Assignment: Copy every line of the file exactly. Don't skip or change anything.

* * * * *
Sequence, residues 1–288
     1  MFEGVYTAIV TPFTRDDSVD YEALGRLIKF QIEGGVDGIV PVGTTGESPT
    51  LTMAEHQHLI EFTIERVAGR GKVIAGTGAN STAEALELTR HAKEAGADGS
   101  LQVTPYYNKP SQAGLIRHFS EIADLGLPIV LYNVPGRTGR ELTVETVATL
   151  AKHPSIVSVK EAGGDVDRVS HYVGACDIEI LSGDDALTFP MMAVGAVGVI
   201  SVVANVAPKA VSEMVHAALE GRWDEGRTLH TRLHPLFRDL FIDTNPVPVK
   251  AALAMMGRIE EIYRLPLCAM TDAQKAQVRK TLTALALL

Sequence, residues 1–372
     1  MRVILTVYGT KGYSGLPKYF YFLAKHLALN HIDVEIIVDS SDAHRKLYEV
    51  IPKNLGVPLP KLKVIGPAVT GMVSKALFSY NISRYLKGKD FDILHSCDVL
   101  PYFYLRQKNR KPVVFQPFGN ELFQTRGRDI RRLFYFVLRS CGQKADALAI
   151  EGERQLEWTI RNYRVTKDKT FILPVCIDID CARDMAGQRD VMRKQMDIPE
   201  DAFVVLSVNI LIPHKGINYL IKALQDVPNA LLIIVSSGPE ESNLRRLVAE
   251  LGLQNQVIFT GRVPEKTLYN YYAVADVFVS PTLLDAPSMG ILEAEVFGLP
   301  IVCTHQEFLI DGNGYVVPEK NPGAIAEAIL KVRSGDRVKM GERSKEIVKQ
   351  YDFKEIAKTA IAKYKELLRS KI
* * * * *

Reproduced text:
Sequence, residues 1–288
     1  MFEGVYTAIV TPFTRDDSVD YEALGRLIKF QIEGGVDGIV PVGTTGESPT
    51  LTMAEHQHLI EFTIERVAGR GKVIAGTGAN STAEALELTR HAKEAGADGS
   101  LQVTPYYNKP SQAGLIRHFS EIADLGLPIV LYNVPGRTGR ELTVETVATL
   151  AKHPSIVSVK EAGGDVDRVS HYVGACDIEI LSGDDALTFP MMAVGAVGVI
   201  SVVANVAPKA VSEMVHAALE GRWDEGRTLH TRLHPLFRDL FIDTNPVPVK
   251  AALAMMGRIE EIYRLPLCAM TDAQKAQVRK TLTALALL

Sequence, residues 1–372
     1  MRVILTVYGT KGYSGLPKYF YFLAKHLALN HIDVEIIVDS SDAHRKLYEV
    51  IPKNLGVPLP KLKVIGPAVT GMVSKALFSY NISRYLKGKD FDILHSCDVL
   101  PYFYLRQKNR KPVVFQPFGN ELFQTRGRDI RRLFYFVLRS CGQKADALAI
   151  EGERQLEWTI RNYRVTKDKT FILPVCIDID CARDMAGQRD VMRKQMDIPE
   201  DAFVVLSVNI LIPHKGINYL IKALQDVPNA LLIIVSSGPE ESNLRRLVAE
   251  LGLQNQVIFT GRVPEKTLYN YYAVADVFVS PTLLDAPSMG ILEAEVFGLP
   301  IVCTHQEFLI DGNGYVVPEK NPGAIAEAIL KVRSGDRVKM GERSKEIVKQ
   351  YDFKEIAKTA IAKYKELLRS KI